Sun reporter’s conviction is quashed on appeal
SUN REPORTER ANTHONY FRANCE, the only journalist found guilty following the Met Police’s disastrous Operation Elveden, has had his conviction quashed. France’s ordeal lasted 1,379 days – he was convicted last May – yet today he was cleared by the Court of Appeal in a 30-second hearing. Operation Elveden, which targeted journalists and arrested more than 20 Sun reporters, wasted the time of 60 police officers and cost the taxpayer £30 million, has now failed to convict a single journalist. It’s a scandal. [Guido Fawkes]
“IN MOST OF THE CASES in which journalists were charged, ordinary members of the public who made up juries clearly decided journalists were working in the public interest. The police and Crown Prosecution Service need to think more carefully before they charge journalists for informing the public.” [Bob Satchwell, Society of Editors]
WHILE A TOTAL OF 21 public officials have been convicted as part of the investigation, the reporters persistently argued that any payments had been made in order to expose matters of public interest.
As the trials began jury after jury agreed with them and refused to convict.
Critics of the investigation accused the police and prosecutors of pursuing a “witch-hunt” against the tabloid press using a little known and rarely used [700-year-old] section of the Common Law.
The CPS has now issued new guidance to prosecutors which set out that it is not always a criminal offence for a journalist to pay a public official for information. [Daily Telegraph report]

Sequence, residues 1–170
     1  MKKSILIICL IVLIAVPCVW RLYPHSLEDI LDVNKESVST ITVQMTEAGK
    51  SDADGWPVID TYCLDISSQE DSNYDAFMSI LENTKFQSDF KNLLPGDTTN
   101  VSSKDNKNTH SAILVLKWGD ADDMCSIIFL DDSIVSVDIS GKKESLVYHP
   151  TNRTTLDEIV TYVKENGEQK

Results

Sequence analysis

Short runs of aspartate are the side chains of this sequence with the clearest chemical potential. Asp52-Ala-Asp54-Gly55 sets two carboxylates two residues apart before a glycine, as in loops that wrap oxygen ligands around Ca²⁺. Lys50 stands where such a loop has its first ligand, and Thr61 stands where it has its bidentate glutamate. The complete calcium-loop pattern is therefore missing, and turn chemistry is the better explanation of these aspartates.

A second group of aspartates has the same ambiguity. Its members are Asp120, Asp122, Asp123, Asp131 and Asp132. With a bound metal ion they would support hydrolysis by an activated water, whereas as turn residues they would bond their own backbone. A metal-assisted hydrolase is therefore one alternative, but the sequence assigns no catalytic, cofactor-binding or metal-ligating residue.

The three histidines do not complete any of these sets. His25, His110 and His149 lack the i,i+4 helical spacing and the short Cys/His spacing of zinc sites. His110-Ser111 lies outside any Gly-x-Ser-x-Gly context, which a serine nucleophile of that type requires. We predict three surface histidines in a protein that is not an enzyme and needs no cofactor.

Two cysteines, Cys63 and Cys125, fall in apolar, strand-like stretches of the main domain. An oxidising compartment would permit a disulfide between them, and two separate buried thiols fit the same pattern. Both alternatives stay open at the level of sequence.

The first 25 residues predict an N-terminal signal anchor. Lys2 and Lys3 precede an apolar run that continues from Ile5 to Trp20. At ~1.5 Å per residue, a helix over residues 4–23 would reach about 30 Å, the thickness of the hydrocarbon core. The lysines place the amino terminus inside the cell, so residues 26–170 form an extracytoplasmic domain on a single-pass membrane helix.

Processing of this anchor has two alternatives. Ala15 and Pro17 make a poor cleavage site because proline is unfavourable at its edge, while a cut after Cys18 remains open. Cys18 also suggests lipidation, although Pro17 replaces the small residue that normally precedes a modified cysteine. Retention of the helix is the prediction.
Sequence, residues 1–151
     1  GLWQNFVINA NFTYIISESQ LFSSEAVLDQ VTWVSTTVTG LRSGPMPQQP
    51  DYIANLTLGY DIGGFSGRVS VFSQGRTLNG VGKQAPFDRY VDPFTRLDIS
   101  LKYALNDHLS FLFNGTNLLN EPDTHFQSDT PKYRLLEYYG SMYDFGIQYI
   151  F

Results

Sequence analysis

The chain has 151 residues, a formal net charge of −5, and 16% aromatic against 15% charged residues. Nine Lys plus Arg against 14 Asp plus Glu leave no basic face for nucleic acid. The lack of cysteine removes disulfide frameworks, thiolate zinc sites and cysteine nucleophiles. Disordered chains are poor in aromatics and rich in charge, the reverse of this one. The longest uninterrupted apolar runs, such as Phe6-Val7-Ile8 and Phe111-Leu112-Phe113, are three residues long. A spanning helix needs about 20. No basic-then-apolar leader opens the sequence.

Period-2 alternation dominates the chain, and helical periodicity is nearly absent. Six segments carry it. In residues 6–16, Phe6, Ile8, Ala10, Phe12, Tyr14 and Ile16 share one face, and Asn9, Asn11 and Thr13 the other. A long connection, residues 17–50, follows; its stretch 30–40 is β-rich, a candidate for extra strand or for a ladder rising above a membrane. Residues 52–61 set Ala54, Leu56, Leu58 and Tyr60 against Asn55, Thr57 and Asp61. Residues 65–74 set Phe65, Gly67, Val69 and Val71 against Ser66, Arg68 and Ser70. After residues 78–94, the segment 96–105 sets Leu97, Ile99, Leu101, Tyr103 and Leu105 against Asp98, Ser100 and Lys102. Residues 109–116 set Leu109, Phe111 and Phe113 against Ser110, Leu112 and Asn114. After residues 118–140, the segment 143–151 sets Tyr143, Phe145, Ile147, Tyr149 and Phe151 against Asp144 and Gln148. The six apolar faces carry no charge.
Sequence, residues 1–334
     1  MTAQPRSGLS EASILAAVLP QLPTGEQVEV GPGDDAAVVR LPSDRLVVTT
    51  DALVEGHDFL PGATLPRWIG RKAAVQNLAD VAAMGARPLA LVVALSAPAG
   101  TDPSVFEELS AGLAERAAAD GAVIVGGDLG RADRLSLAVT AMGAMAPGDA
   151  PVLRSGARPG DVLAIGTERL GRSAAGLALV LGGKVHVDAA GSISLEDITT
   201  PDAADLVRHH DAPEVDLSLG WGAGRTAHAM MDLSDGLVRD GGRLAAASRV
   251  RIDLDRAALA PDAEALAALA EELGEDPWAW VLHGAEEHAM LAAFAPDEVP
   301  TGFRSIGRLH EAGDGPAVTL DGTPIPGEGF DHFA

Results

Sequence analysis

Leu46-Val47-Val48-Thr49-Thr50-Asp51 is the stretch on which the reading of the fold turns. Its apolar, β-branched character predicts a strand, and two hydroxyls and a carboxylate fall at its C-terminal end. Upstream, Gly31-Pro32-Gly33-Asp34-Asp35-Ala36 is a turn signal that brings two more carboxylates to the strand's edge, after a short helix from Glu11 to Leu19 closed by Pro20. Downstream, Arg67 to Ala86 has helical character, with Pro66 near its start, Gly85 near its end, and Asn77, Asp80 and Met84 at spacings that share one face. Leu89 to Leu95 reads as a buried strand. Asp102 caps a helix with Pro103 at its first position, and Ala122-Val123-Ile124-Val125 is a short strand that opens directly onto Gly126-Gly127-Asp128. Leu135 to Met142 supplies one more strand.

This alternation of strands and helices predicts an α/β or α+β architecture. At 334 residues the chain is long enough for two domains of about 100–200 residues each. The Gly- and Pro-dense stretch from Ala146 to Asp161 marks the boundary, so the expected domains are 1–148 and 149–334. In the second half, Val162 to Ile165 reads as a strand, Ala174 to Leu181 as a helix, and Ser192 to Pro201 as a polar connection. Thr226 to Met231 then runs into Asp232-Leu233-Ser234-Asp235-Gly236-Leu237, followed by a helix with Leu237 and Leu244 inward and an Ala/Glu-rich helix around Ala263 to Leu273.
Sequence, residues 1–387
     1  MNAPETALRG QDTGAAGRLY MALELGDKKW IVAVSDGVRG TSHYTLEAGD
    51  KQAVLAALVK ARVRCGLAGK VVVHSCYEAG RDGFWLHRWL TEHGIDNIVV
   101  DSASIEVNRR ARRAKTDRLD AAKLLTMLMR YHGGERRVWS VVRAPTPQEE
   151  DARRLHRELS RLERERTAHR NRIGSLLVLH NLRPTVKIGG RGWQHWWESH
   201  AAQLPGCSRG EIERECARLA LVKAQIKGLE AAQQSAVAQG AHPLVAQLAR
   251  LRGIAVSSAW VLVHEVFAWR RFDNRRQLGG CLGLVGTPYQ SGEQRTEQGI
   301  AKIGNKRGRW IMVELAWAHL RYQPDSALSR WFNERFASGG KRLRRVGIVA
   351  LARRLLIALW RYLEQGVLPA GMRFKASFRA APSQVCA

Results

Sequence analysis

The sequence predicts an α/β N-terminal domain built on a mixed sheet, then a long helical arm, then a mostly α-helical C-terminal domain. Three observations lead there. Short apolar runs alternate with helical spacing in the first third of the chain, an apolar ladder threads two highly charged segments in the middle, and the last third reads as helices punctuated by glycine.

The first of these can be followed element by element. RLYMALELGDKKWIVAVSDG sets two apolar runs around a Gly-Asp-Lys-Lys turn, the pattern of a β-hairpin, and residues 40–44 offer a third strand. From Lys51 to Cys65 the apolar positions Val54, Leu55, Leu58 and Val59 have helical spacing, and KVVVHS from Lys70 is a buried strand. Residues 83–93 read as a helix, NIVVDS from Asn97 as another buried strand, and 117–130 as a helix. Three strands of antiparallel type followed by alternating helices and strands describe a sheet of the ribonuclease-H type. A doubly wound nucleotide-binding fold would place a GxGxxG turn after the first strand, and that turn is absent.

IN A WRITTEN JUDGMENT, the court said the judge in France’s original trial should have give more detailed directions to the jury in what was a “complex area of the law” – this should have included guidance on assessing the seriousness of harm caused by the information given France, and more detailed instruction on evaluating the public interest. The cumulative effect of the court’s criticism meant the conviction was unsafe.
The ruling said: “Taking any one of those criticisms in isolation, we may not have been persuaded the summing up rendered the conviction unsafe. However, we must consider their cumulative effect and read the summing-up as a whole … we are driven to the conclusion that the jury were not provided with legally adequate directions tailored to the circumstances of the case and that the conviction is unsafe.”
So “it is not always a criminal offence for a journalist to pay a public official for information. [Daily Telegraph report]”
So bribing public officials for information is ok then?
Sounds bent to me.
Don’t coppers pay ‘snouts’ for information deemed to be in the public interest, Tony? Isn’t it always a matter of performing a generallyundesirable action for the benefit of the greater good? The Appeal Court and a number of juries certainly took that view.
Paying someone for something is different to bribing them.